Bute Estate’s frustration at dairy crisis

Dairy cattle on Bute.
Dairy cattle on Bute.

The factor of the Bute Estate, landlord to the island’s 13 under-pressure dairy farmers, has spoken of his frustration at the situation those farmers have been put in by First Milk.

Bob Baines contacted The Buteman after the farming co-operative, of which all Bute’s dairy farmers are members, announced it would be imposing a 1.2 pence per litre cut in the price it pays those farmers for their milk, with effect from June 1.

That new cut - six times that being imposed on the company’s members on the Scottish mainland, while First Milk members outside Scotland won’t have to cope with a price cut at all - has been blamed by the company on the cost of transporting milk from Bute to processing centres on the mainland.

Mr Baines said: “The implications of First Milk’s cost reduction programme increase the short term challenge for the island’s dairy sector and we are working closely with them to address the formidable issues arising.

“The frustration is that the unsustainable price being paid by First Milk threatens to put the island’s farmers out of dairying when they have a great product, sustainable businesses and the ability to deliver exactly what the consumer and government seems to want. We will spare no effort in raising awareness of the farmers’ situation and support them in their attempts to secure government assistance.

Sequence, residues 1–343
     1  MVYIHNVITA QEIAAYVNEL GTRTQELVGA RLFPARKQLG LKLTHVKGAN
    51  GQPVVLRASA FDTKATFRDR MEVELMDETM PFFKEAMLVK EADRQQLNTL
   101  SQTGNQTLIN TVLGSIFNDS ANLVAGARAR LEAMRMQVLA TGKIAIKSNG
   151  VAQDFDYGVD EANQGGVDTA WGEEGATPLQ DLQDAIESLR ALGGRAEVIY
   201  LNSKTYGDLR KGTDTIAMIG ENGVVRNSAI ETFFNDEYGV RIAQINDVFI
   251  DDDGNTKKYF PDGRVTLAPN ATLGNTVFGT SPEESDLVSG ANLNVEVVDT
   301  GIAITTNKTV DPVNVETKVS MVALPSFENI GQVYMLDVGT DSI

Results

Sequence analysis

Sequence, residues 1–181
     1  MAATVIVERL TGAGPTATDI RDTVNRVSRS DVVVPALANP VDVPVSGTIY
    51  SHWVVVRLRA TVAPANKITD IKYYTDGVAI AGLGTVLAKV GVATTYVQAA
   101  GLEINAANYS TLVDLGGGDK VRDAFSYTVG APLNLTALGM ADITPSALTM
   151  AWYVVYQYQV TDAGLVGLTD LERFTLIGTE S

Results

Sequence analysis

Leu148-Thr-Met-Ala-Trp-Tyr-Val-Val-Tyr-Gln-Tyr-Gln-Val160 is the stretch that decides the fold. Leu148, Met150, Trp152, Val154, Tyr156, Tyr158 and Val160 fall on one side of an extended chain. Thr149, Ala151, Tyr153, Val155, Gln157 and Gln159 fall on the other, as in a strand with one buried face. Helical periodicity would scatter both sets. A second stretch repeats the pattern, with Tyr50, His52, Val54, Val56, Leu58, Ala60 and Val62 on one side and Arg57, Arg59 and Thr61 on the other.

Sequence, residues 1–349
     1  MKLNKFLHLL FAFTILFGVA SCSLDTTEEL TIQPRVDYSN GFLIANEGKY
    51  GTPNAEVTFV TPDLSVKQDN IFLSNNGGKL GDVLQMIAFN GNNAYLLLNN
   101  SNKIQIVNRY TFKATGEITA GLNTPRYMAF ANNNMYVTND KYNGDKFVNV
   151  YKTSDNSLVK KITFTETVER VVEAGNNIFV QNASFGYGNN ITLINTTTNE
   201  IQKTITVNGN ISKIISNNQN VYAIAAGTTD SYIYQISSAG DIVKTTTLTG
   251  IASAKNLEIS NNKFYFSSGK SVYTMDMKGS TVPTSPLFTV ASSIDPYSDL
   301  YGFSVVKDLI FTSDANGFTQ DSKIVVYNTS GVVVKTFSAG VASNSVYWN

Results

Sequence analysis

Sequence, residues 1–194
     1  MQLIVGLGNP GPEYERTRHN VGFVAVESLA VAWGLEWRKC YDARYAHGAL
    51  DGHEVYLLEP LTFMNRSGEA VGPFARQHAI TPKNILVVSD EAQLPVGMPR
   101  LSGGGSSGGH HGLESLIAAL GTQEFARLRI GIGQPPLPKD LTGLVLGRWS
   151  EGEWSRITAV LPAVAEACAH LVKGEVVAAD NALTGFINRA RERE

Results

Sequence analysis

“The Bute dairy farmers together with the Estate believe there is real reason to be optimistic about the longer term opportunities for dairy. Being competitive on haulage costs is important to any business and moving milk is no different.

“This is a shared challenge for many UK producers and I understand there are producers in the Midlands and East Anglia who are also having to deal with price reductions linked to the cost of lifting their milk.

“Our farmers remain in dialogue with First Milk to find ways of ensuring their milk is collected as efficiently as possible and to ensure no one is carrying unnecessary costs.

“The Scottish Government seems to also believe there is a future for dairying in this part of Scotland - certainly the grass continues to grow, and the farmers’ recent decision to go Free Range fits well with the Government’s dairy strategy and its desire to ensure sustainability through both added value and additional processing.”